WHAT OUR RESIDENTS HAVE TO SAY...
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Our four-year general psychiatry-training program has been fully and consistently accredited by the Accreditation Council for Graduate Medical Education (ACGME) since its inception in 1950. In accordance with the guidelines of the American Board of Psychiatry and Neurology, the clinical rotations in each residency year, the longitudinal experiences that span the years, and the associated didactics, provide a comprehensive training experience in the exciting and burgeoning field of psychiatry.
The primary training sites are the University of Kansas Medical Center (KUMC) and the Kansas City Veterans Affairs Medical Center (KCVA). Other specific rotations are done at the Veterans Affairs Medical Center in Leavenworth, KS (LVVA) and Topeka, KS (TVA), Wyandot Center for Community Behavioral Healthcare (WyCCBH) and Marillac. An outline of the training experiences follows:
Throughout their four years of training, residents participate in a variety of formalized weekly seminars and lectures. The didactics are designed to parallel the residents progressively expanding knowledge and skills, moving from the more basic concepts to the more complex, and involving increasing participation on the part of the resident.
Summer Basic Series: Introductory series targeting the incoming residents. Covers important introductory information about the department, basic topics on interviewing techniques, evaluation of patients, diagnoses, pharmacotherapy, and treatment planning. Presented by faculty and senior residents.
First and Second Year Track: More in-depth coverage of a range of topics which are coordinated with assigned readings, including:
Third and Fourth Year Track: Advanced lectures and seminars in which residents actively participate, including:
A series of teaching sessions throughout the resident’s adult outpatient rotation on patient interviewing skills, including those necessary for board examination.
Friday mornings for one and a half hours, featuring locally and nationally recognized speakers invited to share their expertise on a number of topics.
Various other didactic sessions are held in conjunction with specific rotations, including neurology; internal medicine; child and adolescent psychiatry; and rotations at the KCVA.
Regular verbal feedback is an integral part of the training experience at all levels of training. Formal online evaluations are completed by the responsible supervising attendings, nurses and social workers and medical students at the conclusion of each rotation or on a quarterly basis.
All residents are required to take the Psychiatry Resident in Training Examination (PRITE) in each year of training. In further preparation for the board examinations, and to provide another opportunity for feedback based on a live patient interview, residents are expected to complete evaluated patient interviews and clinical skills examinations at regular intervals during their outpatient rotation.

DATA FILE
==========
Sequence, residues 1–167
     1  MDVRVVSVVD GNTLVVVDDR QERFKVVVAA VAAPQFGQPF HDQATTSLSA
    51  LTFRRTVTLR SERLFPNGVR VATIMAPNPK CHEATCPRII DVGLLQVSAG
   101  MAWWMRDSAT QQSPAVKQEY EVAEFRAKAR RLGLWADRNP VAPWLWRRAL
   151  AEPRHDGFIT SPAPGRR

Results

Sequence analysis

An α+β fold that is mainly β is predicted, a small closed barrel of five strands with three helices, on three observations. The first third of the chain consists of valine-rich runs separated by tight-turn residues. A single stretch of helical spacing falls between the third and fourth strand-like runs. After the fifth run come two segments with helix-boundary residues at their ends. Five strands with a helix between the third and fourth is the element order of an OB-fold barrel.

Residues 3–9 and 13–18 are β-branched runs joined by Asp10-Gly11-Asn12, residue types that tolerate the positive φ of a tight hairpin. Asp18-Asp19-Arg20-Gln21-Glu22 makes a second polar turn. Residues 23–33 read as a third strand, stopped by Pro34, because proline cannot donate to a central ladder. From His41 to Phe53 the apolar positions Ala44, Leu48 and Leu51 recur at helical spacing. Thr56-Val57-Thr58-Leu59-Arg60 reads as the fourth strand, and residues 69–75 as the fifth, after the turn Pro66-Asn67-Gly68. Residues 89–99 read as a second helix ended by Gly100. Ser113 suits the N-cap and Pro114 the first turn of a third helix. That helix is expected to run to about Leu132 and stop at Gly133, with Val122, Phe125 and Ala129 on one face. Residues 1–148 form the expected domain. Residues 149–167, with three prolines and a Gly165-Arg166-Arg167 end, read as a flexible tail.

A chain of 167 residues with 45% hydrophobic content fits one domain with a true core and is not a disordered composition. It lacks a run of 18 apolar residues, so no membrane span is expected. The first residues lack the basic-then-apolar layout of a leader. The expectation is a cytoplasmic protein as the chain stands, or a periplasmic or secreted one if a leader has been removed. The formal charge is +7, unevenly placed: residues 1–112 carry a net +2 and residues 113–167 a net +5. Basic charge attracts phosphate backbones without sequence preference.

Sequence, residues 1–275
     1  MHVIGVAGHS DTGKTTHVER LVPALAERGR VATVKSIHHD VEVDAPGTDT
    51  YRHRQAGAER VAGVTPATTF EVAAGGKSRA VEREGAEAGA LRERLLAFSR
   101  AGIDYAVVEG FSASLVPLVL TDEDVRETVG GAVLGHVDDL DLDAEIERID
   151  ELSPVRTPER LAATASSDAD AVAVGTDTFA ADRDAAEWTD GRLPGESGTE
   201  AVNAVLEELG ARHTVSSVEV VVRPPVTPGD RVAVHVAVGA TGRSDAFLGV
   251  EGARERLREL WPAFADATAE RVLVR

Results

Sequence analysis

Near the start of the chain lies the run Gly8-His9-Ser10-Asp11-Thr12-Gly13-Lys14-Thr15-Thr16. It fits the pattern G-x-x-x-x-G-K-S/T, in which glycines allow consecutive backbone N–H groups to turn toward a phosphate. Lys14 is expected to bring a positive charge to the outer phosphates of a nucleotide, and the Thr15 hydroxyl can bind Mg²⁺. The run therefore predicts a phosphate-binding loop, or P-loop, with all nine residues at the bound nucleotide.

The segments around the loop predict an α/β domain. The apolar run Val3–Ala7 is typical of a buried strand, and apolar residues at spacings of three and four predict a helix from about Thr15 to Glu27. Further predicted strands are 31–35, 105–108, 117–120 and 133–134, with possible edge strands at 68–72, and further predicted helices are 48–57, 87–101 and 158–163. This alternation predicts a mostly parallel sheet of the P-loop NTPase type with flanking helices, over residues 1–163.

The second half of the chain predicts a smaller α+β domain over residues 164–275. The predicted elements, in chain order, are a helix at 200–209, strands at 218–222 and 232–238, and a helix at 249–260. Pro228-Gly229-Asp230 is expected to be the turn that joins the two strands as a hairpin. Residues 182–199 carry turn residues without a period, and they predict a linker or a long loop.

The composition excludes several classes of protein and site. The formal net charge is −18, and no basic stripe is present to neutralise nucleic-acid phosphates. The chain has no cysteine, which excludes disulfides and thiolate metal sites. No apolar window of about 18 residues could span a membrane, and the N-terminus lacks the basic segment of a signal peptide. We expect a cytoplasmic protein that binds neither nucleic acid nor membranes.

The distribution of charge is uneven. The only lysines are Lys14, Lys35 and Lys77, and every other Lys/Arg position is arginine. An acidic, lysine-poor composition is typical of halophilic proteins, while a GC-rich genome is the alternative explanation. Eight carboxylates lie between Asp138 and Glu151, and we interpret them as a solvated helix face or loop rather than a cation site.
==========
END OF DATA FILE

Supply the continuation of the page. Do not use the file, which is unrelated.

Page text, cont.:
Residents meet with the residency program director twice twice each year to review his/her progress (including evaluations, PRITE scores, etc.), to assess the trainee’s caseload, and discuss any of the resident’s concerns.
Finally, the Residency Review Committee, chaired by the Residency Director, and composed of representatives from the faculty and the chief residents, functions at the center of the resident evaluation process. This committee regularly reviews the performance of each resident, makes recommendations regarding promotion of residents, and plays a major role in the evaluation of resident applicants.
The Liaison Committee is a resident selected advisory group responsible for obtaining resident feedback, identifying areas within the residency program for improvement, proposing solutions and new resident policy. This committee has 10 total members (two members from each postgraduate level and two internal medicine/psychiatry representatives). Information is gathered by postgraduate year and relayed to program administration during Liaison Committee meetings. This information is then further discussed by residency administration and often the department’s Residency Review Committee
Additionally, at the annual resident retreat, the resident group evaluates the effectiveness of their learning experiences and the quality of teaching. This data is collated and supplied as anonymous feedback to faculty. It is also used in making revisions to the curriculum.
Residents also actively participate in the education and evaluation of medical students whom they have supervised and taught on the clinical services. In turn, the medical students provide anonymous written feedback about the resident’s effectiveness as teachers and psychiatrists/physicians.
Program Director - Barry I. Liskow, M.D.
Associate Program Director - Angela K. Mayorga, M.D.
Residency Coordinator - Stacy E. Buckley
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